Would You Work From Abroad, Instead Of Home? These People Do

Covid-19 has proven desk-based employees can work remotely – and it's made the global office more appealing than ever.

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Working from home has become the new norm. So, if you were told you’d be doing it for the foreseeable future, would you rather be: a) working on an ironing board makeshift standing desk in your tiny flat? Or b) checking emails from a sun lounger with a fresh coconut in hand in the Caribbean?

More people are choosing to lead digitally nomadic lives – that is, working remotely from anywhere in the world, relying on WiFi in coffee shops, co-working spaces, or hotels to do their jobs wherever they want.

For some, working remotely has lead them to take ‘work staycations’ – choosing holiday rentals nearby to get a change of scenery. But others are wondering what’s stopping them from working in a different country altogether.

The number of digital nomads will reach one billion by the year 2035, predicts research from the Nomad List, the biggest global community for international travellers. Have you thought of escaping the doom and gloom for sun and sea?

HuffPost UK

David Brandon, 31, chief technology officer of workforce management company RotaCloud, is from York, but currently working in Verbier in Switzerland. “It started as a short holiday, but it’s turned into a six-week stay,” he tells HuffPost UK. “We’ve been set up to work flexibly for a long time now, so all I need is my laptop to do my job.”

Brandon says the change of environment is refreshing. “Being able to sit outside and have the mountains as the backdrop to my working day is hugely inspiring,” he says. “It hasn’t really changed how I work. The time difference is something that needs to be accounted for, but it has been a positive more than anything!”

The technology officer says he’d recommend it to anyone. “I’ve found very few downsides to working from abroad,” he adds. “I can see it could get lonely depending on who you’re with, but that’s when your work culture kicks in. If you have a supportive workplace and brilliant colleagues, working from abroad is really no different to working from your living room.”

“Working from abroad is really no different to working from your living room.”

- David Brandon, 31, is working in Switzerland.

Lee Palmer, 25, an IT assistant, from Bristol, has also turned his tropical Zoom background into a real-life situation. He upped and left for Australia before everything went into lockdown. “I’d been thinking about it for a while and I’m so lucky to be able to work abroad and travel,” he tells HuffPost UK.

I didn’t go to university like everyone else. I went straight into work when I was 18 and saved a lot of money for years, so I could have something to fall back on before making the big move.”

It’s not always easy, but the benefits are worth it, says Tara Johnson, 36, from Birmingham. She left the UK without sacrificing her freelance copywriting career – and, since moving two years ago, she’s roamed all over Europe, working in new places and meeting new faces as she goes along.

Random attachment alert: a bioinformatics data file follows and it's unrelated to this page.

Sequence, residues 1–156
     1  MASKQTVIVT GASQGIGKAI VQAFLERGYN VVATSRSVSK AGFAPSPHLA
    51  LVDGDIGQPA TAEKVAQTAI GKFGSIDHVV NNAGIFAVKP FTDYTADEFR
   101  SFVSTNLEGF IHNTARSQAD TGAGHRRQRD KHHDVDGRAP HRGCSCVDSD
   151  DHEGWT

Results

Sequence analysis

“I love doing what I do,” she says. “The only thing is, all the freedom can sometimes be paralysing. If you can go anywhere, where do you go? If you can live any type of life, which one do you choose?”

frantic00 via Getty Images

Knowing how to make it work successfully in a foreign country isn’t a walk in the park. Carol Stewart, a career and business coach, says it’s great technology has opened up the world, “but it’s still important to do your research beforehand”.

There are plenty of things to consider before booking that one-way flight. “It depends on the nature of your business – if you’re self-employed or working for an employer,” says Stewart. “It’s important to know the particular laws of the country on what their income tax is like, any work travel visas required, and what health insurance coverage you might need.”

Commercial Eye via Getty Images

While the digital nomad life might have its ups and downs, there’ve been more incentives like Barbados Welcome Stamp cropping up to entice remote workers to work in beautiful destinations. The Caribbean island is offering those who are successful a new visa for remote workers and a free stay up to 12 months.

“Our year-round warm climate, beautiful countryside, world-class beaches, and countless activities, this is an ideal backdrop for the more sustainable work-life balance many are craving for themselves and their families,” Barbados tourism executive, Petra Roach, said. Sounds idyllic, right? Other countries with floating ‘digital nomad’ visa schemes include Georgia, Estonia, and Bermuda.

And remember, working from abroad doesn’t have to mean you need to relocate completely. If you’re able to work from home, you could book a trip away and work from your holiday home in the weekdays, while exploring the new location during the evenings and on the weekend.